Roshini Suparna Diwakar

A Tale of Two Colonies

I would have begun with something along the lines of “It was the best of times, it was the worst of times…”, if only I had the verbal prowess of Mr. Dickens; the sentiment stands true for the story about to be told.

Recently, my work has taken me to resettlement colonies scattered across Delhi. From colonies that have been around for over 40 years, located in the heart of the city, to more recent, isolated settlements that continue to lack access basic amenities such as piped water and sanitation facilities. As the city’s population continues to grow exponentially, land is becoming increasingly scarce. In an attempt to address the issues of some slums, the Delhi Urban Shelter Improvement Board (DUSIB) has changed its policy to focus on flat-based resettlement and in-situ development.

I visited two such resettlement colonies, both having been occupied less than 5 years ago. These ‘EWS (economically weaker sections) flats’ are 1BHK flats that have been allotted to residents who were displaced from other colonies. They have been given a lease of 10 years for the flat, which they can neither sell nor sublet. However, due to a range of issues, including financial constraints, many sell the ‘power of attorney’ over the flat to others. This means that the new occupants lack bargaining power or rights over these flats.

Common concerns that emerge when they are resettled in this manner are a loss of their homes and livelihood. Often, families that have lived in a particular slum for decades, and have spent a great deal on the construction and improvement of their homes, lose all that they have built in a matter of days. They are displaced to opposite ends of the city, where they have no sense of belonging/community or employment opportunities.

The two colonies I visited are the Adarsh EWS colony in Dwarka, and Baprola. Having been to a few resettlement colonies around Delhi by now, I mentally prepared myself to expect something similar. However, when we approached the Adarsh colony in Dwarka, just 5 minutes by e-rickshaw from the nearest metro station, the picture was very different.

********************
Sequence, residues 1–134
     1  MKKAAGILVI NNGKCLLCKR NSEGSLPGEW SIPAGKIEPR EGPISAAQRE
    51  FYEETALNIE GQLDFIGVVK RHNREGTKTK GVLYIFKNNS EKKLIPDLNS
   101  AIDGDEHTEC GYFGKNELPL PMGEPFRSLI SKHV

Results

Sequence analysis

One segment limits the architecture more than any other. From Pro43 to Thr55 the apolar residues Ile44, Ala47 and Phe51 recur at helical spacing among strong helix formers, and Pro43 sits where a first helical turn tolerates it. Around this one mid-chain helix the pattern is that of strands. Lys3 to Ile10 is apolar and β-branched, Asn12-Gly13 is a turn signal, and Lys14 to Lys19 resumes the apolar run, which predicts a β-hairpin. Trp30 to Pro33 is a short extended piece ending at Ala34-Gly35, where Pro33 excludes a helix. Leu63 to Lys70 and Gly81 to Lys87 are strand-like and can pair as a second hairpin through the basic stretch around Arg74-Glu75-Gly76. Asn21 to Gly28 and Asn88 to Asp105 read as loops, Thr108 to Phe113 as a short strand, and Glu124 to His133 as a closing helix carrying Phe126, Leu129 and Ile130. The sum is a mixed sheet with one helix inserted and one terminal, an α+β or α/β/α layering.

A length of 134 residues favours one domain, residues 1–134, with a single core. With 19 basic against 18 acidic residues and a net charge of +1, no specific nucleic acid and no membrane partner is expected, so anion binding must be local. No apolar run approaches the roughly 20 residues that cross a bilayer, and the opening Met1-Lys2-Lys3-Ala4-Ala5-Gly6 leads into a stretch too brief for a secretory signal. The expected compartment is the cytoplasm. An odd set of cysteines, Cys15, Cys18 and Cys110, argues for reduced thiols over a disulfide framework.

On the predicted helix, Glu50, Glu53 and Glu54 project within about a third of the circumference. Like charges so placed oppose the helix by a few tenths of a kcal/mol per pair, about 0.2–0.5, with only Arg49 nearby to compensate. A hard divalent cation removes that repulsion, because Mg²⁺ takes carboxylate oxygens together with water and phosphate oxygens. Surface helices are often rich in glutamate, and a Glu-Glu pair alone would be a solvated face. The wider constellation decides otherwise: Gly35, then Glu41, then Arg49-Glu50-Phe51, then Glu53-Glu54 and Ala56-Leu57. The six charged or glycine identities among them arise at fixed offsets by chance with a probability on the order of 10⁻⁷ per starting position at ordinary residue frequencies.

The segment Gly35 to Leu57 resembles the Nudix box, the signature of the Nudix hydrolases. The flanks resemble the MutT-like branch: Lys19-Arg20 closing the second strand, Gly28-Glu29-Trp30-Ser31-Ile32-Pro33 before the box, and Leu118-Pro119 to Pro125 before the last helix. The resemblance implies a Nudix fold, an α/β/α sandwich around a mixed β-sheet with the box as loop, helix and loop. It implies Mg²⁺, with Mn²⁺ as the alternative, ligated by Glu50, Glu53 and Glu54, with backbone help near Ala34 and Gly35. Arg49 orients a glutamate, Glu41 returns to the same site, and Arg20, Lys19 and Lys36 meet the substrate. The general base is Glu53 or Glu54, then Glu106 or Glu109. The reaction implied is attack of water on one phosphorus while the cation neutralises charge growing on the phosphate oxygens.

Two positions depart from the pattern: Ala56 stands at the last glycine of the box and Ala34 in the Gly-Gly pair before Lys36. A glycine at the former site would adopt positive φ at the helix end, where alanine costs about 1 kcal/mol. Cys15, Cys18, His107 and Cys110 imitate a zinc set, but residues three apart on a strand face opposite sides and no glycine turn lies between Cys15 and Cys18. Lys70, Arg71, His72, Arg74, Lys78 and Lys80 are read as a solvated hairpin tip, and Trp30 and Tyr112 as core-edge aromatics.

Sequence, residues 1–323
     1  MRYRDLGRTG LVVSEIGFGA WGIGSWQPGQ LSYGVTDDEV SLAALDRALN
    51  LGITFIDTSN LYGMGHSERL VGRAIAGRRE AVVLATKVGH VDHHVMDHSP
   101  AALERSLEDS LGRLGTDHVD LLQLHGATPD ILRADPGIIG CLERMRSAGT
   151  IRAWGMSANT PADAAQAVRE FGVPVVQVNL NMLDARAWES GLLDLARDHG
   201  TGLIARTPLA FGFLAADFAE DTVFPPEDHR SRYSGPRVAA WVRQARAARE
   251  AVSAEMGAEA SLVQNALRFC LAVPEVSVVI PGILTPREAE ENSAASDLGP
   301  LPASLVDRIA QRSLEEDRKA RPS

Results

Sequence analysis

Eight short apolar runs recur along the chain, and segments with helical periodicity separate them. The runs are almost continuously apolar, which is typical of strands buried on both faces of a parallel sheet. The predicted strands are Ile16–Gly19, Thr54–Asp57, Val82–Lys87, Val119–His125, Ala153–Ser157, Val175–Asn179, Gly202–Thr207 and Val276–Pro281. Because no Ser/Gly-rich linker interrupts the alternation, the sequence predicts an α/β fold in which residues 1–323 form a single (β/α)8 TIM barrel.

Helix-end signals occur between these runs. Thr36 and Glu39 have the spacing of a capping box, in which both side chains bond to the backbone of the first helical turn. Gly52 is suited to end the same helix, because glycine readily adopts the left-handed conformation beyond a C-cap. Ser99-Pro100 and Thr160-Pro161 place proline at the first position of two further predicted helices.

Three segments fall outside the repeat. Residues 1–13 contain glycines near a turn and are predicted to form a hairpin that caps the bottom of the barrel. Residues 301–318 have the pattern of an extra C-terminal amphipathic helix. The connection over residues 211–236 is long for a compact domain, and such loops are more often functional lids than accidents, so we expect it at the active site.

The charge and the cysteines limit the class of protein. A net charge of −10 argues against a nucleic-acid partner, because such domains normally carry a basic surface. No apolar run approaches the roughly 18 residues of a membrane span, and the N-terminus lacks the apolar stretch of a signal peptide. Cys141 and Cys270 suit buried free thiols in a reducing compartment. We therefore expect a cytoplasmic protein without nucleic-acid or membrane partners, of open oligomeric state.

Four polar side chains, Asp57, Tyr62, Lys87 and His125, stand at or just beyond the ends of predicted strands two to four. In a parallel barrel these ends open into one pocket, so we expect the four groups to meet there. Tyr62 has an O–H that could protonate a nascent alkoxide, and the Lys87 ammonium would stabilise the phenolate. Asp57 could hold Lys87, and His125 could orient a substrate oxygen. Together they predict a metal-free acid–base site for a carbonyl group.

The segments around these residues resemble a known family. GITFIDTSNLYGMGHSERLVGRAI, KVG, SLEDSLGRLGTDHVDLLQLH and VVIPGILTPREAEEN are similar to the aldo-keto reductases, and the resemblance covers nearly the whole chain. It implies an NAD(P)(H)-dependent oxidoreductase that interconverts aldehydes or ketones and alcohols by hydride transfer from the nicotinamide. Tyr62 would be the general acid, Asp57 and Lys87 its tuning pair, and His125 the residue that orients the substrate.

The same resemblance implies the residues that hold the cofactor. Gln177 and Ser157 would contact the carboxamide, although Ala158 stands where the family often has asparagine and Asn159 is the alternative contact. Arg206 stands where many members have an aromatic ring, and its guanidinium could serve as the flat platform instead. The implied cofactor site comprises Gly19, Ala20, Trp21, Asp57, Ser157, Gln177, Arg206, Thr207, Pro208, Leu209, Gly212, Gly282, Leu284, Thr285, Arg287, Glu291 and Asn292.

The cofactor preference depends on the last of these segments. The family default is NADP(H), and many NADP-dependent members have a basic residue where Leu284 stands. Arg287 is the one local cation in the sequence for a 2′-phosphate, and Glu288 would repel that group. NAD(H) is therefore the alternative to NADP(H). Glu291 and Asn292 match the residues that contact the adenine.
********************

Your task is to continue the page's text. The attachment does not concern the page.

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With a neatly-tarred road, green parks, piped-water, and closed drains, the apartment complex appeared to have basic facilities that are able to cater to the needs of the 1000 odd families that reside there. Each flat has a well-lit and ventilated drawing room, kitchen, bathroom-cum-toilet, and one bedroom. The flats appear to be well maintained, albeit modest in size.

When they were allotted the flats, residents had to pay Rs. 1,12,000 or Rs. 1,000, depending on whether they belonged to the General or SC/ST category. Additionally, all allottees had to pay Rs. 30,000 as maintenance fee for a period of 5 years.

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The greatest concern for the residents of this society remains the lack of livelihood opportunities. Having been there for just 3 years, the residents are in the process of rebuilding a community around their new homes. While some travel to their old areas of residence and continue to work there, others are looking for opportunities near Dwarka. Many of the women residents have become domestic workers in the colonies nearby. Income has been meagre since they came to this colony, but things are starting to pick up.